Monday, 30 March 2009

The Scariest Game I Have Ever Played

I am here to talk to you today about 2008’s finest Apocalypse Simulator. One that didn’t get much mention in the Best Of lists, one that eclipses the most impressively real panic attack-inducing situation Left 4 Dead can throw at you. I am talking, of course, about Viva Piñata: Trouble in Paradise.

On the surface, it seemed simple enough: a cuddly, family-friendly kind of game, where you run a garden of sweet animals with pun-heavy names. A lovely present from a caring girlfriend. Imagine my horror to find that this was, in fact, all a façade for the true nature of the game.

It’s a prep-kit designed to teach you how to deal with the death of everything you ever loved.

My time with the game had been happy enough: a proud roster of beloved pets with in-jokey names, a tidy if unremarkable little patch of land to call my own. Then I hit Level 21. Amidst a flurry of upgrades and rewards, a modest cutscene introduces me to my nemesis, Professor Pester. He seems harmless enough, bumbling around, until I realise he is invulnerable to smacks from my trusty spade, and he’s out to kill every last one of my beloved Piñatas.

Meanwhile, the garden is invaded by his minions, the Sours- evil versions of the Piñatas. Until now, they’d hardly been a problem: coming into my garden unbidden, eating the odd flower, causing general mischief. Distracted by the misdeeds of the Professor, I spade one to death- just two quick taps. I move on to some other task.

Out of sight, the Sour splits open and spills two red seeds out onto the green papery grass. Seeds that will grow, quickly and inevitably, into weeds.

A burst of noises, and suddenly I look up from micromanagement of my vegetable patch.

It’s an outbreak. Nearly a quarter of my garden is engulfed in chaos: red ugly plants climb up, choking and trapping my Piñatas. They spit fire and poisonous gas. And, most deadly of all: sweets. Bunnycombs flee, their papery fur burning. Lickitoads and Sweetles collapse, green, onto their backs. My beloved Zorro-esque Pretztail, El Foxxo, munches down on a poisoned candy.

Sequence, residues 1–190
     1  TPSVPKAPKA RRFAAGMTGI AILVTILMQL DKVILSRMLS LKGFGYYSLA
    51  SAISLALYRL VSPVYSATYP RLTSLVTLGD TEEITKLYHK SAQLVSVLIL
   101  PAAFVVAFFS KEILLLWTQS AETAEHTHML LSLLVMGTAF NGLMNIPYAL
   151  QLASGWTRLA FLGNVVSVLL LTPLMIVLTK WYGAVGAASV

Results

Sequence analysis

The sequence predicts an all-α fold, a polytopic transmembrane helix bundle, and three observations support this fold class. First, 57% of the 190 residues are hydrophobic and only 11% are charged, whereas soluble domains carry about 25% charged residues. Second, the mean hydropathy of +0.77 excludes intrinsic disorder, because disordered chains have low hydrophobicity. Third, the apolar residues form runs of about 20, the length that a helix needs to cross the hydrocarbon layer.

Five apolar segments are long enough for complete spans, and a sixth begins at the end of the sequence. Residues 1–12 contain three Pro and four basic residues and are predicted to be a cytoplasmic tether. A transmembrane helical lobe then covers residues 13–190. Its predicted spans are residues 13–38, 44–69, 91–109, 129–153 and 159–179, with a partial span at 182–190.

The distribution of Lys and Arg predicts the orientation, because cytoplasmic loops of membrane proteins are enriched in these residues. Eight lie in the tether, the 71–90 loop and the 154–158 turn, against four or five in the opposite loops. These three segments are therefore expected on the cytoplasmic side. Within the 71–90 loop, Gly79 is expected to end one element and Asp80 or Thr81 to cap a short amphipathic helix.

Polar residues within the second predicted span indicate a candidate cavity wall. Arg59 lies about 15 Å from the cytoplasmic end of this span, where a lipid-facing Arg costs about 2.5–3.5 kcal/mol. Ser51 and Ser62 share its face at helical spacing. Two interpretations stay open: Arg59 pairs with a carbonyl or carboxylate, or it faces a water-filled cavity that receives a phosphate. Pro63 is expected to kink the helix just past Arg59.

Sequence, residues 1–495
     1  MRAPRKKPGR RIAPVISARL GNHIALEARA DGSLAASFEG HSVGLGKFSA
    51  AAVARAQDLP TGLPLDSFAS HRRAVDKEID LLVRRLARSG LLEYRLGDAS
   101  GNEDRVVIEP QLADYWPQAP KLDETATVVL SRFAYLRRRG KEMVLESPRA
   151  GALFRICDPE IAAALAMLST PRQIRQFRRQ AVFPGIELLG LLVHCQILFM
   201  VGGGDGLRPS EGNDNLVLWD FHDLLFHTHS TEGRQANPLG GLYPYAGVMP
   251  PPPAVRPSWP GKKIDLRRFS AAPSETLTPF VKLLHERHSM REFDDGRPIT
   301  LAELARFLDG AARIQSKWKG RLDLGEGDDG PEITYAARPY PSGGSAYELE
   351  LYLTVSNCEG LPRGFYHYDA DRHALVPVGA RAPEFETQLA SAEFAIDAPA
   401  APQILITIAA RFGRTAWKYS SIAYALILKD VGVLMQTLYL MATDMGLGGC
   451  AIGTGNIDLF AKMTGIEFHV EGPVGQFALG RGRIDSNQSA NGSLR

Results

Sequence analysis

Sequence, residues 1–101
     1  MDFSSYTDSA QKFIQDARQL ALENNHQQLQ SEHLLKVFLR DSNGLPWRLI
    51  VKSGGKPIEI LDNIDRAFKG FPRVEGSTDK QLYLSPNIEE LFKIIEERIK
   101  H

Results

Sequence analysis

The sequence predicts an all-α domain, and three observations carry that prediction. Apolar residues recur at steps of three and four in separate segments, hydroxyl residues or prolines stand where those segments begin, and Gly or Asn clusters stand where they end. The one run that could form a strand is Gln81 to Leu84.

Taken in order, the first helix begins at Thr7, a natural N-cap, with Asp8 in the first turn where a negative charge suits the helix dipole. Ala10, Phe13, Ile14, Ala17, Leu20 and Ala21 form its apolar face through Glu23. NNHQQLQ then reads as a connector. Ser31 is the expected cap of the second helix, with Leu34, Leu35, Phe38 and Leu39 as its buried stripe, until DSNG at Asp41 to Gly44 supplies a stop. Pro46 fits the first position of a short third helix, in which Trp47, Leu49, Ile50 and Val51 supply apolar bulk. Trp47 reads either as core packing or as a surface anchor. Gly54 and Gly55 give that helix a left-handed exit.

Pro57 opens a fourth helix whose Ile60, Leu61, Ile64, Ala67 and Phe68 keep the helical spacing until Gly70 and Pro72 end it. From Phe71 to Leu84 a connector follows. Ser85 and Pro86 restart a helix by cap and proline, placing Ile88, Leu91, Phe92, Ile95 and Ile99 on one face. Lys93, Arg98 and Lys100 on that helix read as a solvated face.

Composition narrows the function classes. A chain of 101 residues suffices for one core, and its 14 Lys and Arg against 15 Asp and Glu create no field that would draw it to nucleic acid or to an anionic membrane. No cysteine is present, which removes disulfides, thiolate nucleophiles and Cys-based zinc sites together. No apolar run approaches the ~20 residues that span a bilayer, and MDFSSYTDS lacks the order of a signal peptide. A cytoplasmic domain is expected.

Before I can do a thing, half my Piñatas are dying and as I summon the Doctor to save them, yet more fall ill to the growing forest of red. Gardening Sim becomes Survival Horror as I try to quell two epidemics at once, illness and weeds, and fight with the controls, which suddenly seem purposefully slow and clumsy. So slow.

Eventually, the Piñatas themselves become your enemies. Their bodies choke paths for the Doctor and block your attack on the weeds. The panic of the situation has turned a few of them animalistic, and I find pairs of Piñatas locked in mortal combat, tearing each other limb-from-sweet-little-limb. You’re cursing the stupidity that means they’re eating the same sweets that made them sick twice already. But there’s no way you’re going to let one die.

And then one does. Dastardos, the game’s Death figure, appears. He is endlessly creepy, floating just above the ground, all twisted anatomy and red Picasso fixed-express mask. To give you an idea of just how scary he is, here is a description from the Viva Piñata wiki, pinataisland.info.

“Dastardos … puts sick piñatas out of their misery with a big stick. When things go badly for an animal, they get sick. Dastardos has invented a cheerful song to help him through the day and make piñatas calm while he 'fixes' them.”